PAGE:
b. The chief complaint is the major signs, symptoms, or events that caused the
illness or injury. Symptoms are conditions that the patient feels and tells you about,
such as dizziness or particular pain. Symptoms are the subjective information you
obtain from you patients. Signs can be seen, heard, felt, smelled, or measured, such as
wounds, external bleeding, deformities, breathing rate, and pulse. You must be able to
record and report how and when the signs and symptoms began.
c. Initial assessment is a rapid evaluation of the patient's general condition to
identify any potentially life-threatening injuries or conditions.
Repeated vital signs will be compared to the baseline set.
(2) Vital signs are key indicators used to evaluate and determine the
patient's overall condition. Because key indicators include quantitative (numeric)
measurement, vital signs always include breathing, pulse, and the blood pressure.
(a) The first vital sign is breathing. Breathing is discussed in Lesson 4.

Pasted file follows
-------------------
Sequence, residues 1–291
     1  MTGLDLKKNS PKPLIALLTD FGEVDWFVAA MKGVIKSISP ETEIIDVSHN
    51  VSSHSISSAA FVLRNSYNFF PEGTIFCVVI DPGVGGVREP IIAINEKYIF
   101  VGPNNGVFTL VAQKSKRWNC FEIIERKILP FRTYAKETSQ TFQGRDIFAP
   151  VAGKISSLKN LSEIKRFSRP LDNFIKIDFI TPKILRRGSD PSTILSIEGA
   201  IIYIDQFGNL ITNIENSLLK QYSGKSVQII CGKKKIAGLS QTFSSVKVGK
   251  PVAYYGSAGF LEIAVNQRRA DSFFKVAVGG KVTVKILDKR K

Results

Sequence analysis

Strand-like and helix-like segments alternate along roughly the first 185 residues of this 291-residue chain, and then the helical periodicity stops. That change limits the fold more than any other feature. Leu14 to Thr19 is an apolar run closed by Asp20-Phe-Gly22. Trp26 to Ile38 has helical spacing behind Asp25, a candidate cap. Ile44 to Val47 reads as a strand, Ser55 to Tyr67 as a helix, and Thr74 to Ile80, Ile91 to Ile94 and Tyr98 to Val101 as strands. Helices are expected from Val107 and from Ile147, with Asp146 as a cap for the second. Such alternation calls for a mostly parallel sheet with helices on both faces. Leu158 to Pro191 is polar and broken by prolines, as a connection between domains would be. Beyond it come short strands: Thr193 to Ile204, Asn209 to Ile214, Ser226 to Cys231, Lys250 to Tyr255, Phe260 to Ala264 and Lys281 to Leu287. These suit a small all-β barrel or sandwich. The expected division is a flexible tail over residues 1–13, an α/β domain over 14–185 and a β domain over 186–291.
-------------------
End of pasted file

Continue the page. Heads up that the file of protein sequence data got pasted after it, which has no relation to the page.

(b) The second vital sign is the pulse. The pulse is discussed in
(c) The third vital sign is the blood pressure. Blood presser is
discussed in Lesson 5.
Other key indicators include:
1 Skin temperature and condition in adults.
2 Capillary refill time (in children).
3 Pupillary response.
4 Level of consciousness (LOC).
ASSESSING THE SKIN
The skin is an easily observed indicator of the peripheral circulation and
perfusion, blood oxygen levels, and body temperature. The skin color, temperature,
and condition are good indicators of the patient's condition and circulatory status. They
may also be good initial indicators of heat or cold injuries. This initial indicator should
always be confirmed, when time permits, with a core body temperature (see Lesson 2).